Staff Photo: Brendan Sullivan
Former Providence Christian Academy student Brittany Morgan, now 26, is the starting quarterback for the Atlanta Steam of the Legends Football League. The Atlanta Steam play their home games at the Arena at Gwinnett Center in Duluth.
IF YOU GO
• What: Atlanta Steam vs. Omaha Heart
• When: 7 p.m. Saturday
• Where: Arena at Gwinnett Center
• More info: Gwinnett’s expansion team from the Legends (formerly Lingerie) Football League will play its inaugural home game. Tickets range from $15 to $75. For more information, visit lflus.com.
LAWRENCEVILLE -- Let's go ahead and get a few things out of the way.
Yes, the Atlanta Steam is an all-female team that recently kicked off play in the Legends Football League.
Yes, that organization, prior to a recent rebranding effort, used to be called the Lingerie Football League. And yes, the ladies on this team -- which will play a pair of home games at the Arena at Gwinnett Center -- will be gathering on the gridiron essentially in bikinis, shoulder pads and helmets.
There's no denying any of that, or that barely covered flesh is part of the draw for an organization that has filled stadiums across the country (and Canada).
But don't sleep -- the league is full contact, 7-on-7 tackle football. Scantily clad or not, these girls are playing ball. Hard.
Just ask Brittany Morgan, the quarterback of the Atlanta Steam.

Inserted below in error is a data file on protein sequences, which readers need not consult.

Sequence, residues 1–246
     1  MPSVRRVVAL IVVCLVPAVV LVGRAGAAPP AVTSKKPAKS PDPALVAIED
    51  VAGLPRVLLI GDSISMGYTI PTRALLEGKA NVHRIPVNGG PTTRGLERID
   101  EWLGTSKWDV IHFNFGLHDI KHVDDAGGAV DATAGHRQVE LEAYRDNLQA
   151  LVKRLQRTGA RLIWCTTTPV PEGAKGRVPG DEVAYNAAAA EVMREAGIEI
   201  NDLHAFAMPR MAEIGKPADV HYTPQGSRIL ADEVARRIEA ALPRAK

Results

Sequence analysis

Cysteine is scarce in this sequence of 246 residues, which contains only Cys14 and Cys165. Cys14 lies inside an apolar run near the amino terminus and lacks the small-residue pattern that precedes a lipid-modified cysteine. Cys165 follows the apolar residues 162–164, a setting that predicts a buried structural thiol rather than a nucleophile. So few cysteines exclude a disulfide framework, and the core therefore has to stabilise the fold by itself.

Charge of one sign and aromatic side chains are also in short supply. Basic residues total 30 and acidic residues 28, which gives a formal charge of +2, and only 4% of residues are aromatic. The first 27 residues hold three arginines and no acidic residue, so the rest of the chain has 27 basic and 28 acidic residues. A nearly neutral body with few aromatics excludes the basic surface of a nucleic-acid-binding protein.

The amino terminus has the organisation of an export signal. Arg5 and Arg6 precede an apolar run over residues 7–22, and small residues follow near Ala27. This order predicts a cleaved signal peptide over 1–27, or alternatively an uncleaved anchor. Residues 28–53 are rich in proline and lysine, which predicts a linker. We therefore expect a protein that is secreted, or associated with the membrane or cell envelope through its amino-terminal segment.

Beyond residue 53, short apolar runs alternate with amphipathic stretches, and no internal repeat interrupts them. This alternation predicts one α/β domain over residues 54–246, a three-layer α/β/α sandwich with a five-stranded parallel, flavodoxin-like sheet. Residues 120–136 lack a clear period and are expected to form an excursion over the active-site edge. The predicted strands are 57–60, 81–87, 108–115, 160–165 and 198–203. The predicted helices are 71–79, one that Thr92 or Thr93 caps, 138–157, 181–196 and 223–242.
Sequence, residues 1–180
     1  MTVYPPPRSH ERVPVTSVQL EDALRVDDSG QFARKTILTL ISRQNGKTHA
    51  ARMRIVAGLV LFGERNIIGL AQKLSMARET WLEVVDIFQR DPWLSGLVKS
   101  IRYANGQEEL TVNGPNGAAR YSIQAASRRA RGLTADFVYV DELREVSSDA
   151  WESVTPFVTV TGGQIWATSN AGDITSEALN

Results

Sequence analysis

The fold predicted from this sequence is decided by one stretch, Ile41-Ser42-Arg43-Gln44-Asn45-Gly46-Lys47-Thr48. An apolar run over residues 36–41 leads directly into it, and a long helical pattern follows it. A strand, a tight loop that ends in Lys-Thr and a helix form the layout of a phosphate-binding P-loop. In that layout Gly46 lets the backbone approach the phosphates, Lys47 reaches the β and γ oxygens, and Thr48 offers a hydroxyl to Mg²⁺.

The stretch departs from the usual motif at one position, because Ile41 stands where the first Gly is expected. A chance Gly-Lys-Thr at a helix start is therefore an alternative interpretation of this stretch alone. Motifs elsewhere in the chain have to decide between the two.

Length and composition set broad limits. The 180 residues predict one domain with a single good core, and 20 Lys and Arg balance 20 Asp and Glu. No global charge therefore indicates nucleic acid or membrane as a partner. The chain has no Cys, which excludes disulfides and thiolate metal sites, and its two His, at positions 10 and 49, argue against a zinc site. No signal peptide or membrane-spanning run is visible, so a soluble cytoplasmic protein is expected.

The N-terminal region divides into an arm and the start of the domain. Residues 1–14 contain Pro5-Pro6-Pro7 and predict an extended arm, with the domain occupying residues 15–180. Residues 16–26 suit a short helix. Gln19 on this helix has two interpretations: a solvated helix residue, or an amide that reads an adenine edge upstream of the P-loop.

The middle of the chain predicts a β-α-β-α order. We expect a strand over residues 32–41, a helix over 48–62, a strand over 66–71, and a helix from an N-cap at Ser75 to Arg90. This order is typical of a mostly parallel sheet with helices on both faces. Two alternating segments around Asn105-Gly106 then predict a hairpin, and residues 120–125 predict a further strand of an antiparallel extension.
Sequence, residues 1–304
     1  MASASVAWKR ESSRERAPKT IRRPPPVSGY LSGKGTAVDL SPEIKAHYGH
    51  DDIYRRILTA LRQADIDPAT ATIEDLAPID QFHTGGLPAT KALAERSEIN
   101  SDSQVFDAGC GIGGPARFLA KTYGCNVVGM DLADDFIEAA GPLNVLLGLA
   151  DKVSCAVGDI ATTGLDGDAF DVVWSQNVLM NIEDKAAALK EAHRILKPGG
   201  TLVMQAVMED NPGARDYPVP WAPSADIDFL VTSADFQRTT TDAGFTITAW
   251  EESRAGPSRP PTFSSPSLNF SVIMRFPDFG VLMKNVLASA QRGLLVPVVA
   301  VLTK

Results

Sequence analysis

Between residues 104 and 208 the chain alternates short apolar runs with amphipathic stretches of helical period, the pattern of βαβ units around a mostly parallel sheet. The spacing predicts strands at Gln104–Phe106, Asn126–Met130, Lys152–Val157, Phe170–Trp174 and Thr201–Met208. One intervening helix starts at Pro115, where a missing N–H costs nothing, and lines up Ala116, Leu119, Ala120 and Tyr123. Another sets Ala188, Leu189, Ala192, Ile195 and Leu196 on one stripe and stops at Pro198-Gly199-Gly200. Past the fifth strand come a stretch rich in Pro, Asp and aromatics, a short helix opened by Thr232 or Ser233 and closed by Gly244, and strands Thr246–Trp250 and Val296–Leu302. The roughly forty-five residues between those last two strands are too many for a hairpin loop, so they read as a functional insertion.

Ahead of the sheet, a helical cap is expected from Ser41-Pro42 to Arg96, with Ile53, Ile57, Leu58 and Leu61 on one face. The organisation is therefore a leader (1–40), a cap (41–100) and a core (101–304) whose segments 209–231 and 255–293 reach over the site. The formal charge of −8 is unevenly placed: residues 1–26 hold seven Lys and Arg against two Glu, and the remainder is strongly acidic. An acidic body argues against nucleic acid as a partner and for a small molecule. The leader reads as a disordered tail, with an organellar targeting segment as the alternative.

"I think I only didn't hit the turf two or three times," she said last week, fresh off her team's 48-0 beatdown at the hands of the Jacksonville Breeze.
About 5-foot-10 in cleats, Morgan grew up in Dacula and spent her early high school years as a standout athlete (in pretty much every sport) at Providence Christian Academy. Her family moved to Nashville, where she lettered in nine different sports and was one of six national finalists for the Wendy's High School Heisman.
Morgan came back home to attend UGA on an academic scholarship. She ended up getting an MBA and winning a few flag football national championships (yes, that's a thing) while she was there, too.
Through flag football, she came to know a few girls who played for the LFL's Tampa (now Jacksonville) franchise. They tried to recruit her, but the drive was too far.
When she heard Atlanta/Gwinnett was getting an expansion franchise, though, she was the third person to show up for a November tryout in Fairburn. Morgan arrived even before the folks from the LFL did.
"I have two older brothers; I've played football forever," Morgan said. "I was always the freakshow at Georgia tailgates that was in my dresses and my heels and throwing the football 30 or 40 yards."
She made the team, and -- on a squad made up of former high school and college athletes -- was eventually crowned quarterback.
On Saturday, she'll led the Steam into its first home game in Duluth.
"She keeps a cool head, she throws strikes and she's doing a great job," said Steam head coach Ray Norell, a former offensive lineman for the Arena Football League's Georgia Force. "She has the intelligence, she has the demeanor, the cool, calm, collected persona that she gives out."